Using narrative analysis to inform about female and male sexual victimization

Jennifer O’Mahoney, Irina Anderson

Research output: Chapter in Book/Report/Conference proceedingChapterpeer-review


Personal stories often occupy an ambivalent place between social hegemony and social change. In personal stories of sexual assault, this ambivalent place can be particularly charged when the narrator’s story is contested or resisted by the listener. Stories of sexual assault can reflect dominant victim discourses, while simultaneously resisting the role of victim as a survivor works to organize and frame a trauma experience. Dominant cultural narratives of victimhood often reflect hegemonic discourses, which restrict coping by providing a narrow victim framework for a survivor of sexual assault. However, this ambivalent place between a narrowly defined victimhood and social change can also provide opportunity for survivors to resist these narrow narrative confines and progress through the trauma. This chapter will analyze personal stories of sexual assault and focus on how survivors’ constructions of self are challenged and fractious as a result of sexual assault. Examples of how the narrators resist the dominant victim narrative to move toward personal and social change in their coping will be considered.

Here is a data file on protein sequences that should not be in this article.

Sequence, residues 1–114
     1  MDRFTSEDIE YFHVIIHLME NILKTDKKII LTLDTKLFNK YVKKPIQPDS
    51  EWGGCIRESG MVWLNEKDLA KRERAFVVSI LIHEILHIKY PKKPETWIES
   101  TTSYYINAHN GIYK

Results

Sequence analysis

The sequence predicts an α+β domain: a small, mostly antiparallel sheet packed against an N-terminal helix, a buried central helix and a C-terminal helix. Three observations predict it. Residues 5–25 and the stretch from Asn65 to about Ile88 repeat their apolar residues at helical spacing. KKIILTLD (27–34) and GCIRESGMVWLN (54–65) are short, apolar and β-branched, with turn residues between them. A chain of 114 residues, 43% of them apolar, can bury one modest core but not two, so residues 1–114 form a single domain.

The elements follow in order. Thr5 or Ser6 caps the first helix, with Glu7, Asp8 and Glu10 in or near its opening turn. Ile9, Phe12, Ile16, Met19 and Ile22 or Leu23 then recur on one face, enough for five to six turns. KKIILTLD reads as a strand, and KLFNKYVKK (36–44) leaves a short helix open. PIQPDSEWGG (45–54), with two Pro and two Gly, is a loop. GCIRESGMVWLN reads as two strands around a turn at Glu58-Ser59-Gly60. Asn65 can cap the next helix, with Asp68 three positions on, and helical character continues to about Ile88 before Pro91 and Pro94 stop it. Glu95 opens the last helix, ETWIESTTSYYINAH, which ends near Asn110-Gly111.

Original languageEnglish
Title of host publicationStories Changing Lives
Subtitle of host publicationNarratives and Paths toward Social Change
PublisherOxford University Press
Number of pages25
ISBN (Electronic)9780190864750
Publication statusPublished - 01 Jan 2020


  • Coping
  • Narratives
  • Resistance
  • Sexual assault
  • Victimhood


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